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Toyota Australia won’t step on Lexus’ toes with Crowns

Like Netflix, Toyota now has many series of the Crown, and for the first time in many years it’s serious about taking the nameplate global… but Australia isn’t included.

“When you look at the relationship between Toyota and Lexus and where that car would sit, it probably doesn’t fit into the Toyota portfolio for the Australian market,” said Sean Hanley, Toyota Australia’s vice president of sales and marketing when asked whether the new, extended Crown family could come to Australia.

“It all gets down to your product plan, your product portfolio, where it would position, where it would sit.

“We obviously have a Toyota brand, we have a Lexus luxury brand, Crown kind of just doesn’t work in the Toyota line-up for the Australian market.”

Toyota plans for Crown models to be sold in 40 countries and regions, with an expected annual sales volume of around 200,000 units.

Since 2007, the Crown has been exclusively offered as a sedan, and it has always been rear-wheel drive (albeit for many years with the option of all-wheel drive), dating back to the first generation that debuted in 1955.

There’s still a rear/all-wheel drive sedan with traditional styling in the Crown Sedan, which shares its TNGA-L underpinnings with the hydrogen fuel-cell Mirai. However, it will offer the option of a hydrogen powertrain like its platform-mate.

The other Crowns differ in using the TNGA-K underpinnings shared with front/all-wheel drive models like the Kluger.

The Crown Crossover is a high-riding sedan, blurring the lines between sedan and SUV; the Crown Sport is a curvaceous, hatchback-esque crossover; and the Crown Estate (aka Crown Signia) blurs the lines between a wagon and a more traditional crossover.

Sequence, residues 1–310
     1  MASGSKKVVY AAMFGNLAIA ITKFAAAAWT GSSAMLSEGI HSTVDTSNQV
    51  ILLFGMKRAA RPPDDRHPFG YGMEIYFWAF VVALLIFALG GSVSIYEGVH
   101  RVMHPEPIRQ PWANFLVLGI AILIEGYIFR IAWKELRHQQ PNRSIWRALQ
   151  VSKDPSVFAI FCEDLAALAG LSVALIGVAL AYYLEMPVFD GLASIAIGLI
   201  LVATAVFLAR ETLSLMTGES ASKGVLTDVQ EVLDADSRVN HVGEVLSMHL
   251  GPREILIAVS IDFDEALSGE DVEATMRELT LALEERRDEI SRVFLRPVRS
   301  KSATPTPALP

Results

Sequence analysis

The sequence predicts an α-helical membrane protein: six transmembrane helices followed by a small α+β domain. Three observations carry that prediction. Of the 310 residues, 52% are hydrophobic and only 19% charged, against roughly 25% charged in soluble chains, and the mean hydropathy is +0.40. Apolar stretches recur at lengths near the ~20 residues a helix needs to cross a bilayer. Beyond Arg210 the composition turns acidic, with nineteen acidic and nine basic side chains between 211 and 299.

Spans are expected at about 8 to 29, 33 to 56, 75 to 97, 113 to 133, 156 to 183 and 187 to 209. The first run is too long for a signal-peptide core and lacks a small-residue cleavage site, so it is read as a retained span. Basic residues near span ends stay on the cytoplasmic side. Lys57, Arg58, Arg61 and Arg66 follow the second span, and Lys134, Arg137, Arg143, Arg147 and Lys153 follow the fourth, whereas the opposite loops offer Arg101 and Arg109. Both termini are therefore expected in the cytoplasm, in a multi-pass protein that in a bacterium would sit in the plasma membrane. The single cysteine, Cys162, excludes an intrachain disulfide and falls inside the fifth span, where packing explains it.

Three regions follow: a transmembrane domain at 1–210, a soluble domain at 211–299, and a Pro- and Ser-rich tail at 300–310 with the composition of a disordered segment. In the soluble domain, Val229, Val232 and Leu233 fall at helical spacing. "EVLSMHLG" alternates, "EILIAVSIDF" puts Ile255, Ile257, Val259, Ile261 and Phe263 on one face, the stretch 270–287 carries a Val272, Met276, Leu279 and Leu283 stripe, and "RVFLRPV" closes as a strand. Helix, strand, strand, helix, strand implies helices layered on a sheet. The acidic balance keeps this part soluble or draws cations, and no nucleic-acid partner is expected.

Toyota has teased an electric version of the Crown Sport and indicated a plug-in hybrid version is coming, but all Crowns come standard with hybrid power and all-wheel drive.

The Crown Crossover has already been introduced in North America, where it replaced the Avalon and is simply called ‘Crown’, while the Crown Estate is being introduced there as the Crown Signia, indirectly replacing the Venza (aka Harrier) that slotted between the RAV4 and Highlander (aka Kluger).

Toyota last offered the Crown nameplate in Australia in 1988, and it slotted above the Cressida as an even plusher, more conservative flagship sedan.

The company had offered the Crown in markets like the US and Korea (until 1972) and the UK (until 1983), but its global presence receded after that.

It was offered in markets like the Middle East and Southeast Asia for many years, however, and was manufactured in China for three generations by the Tiangin FAW Toyota Motor joint venture before this ended in 2020.

China has its own Crown models now: up-spec versions of the Kluger and Vellfire called, quite simply, Crown Kluger and Crown Vellfire. The Crown Crossover and Crown Sedan are also being imported to China, however.

MORE: 2024 Toyota Crown Sedan breaks from tradition in one key way
MORE: Toyota Crown Sport wants to be the king of hatchbacks
MORE: Toyota reveals Crown Signia SUV
MORE: 2023 Toyota Crown flagships revealed, not for Australia

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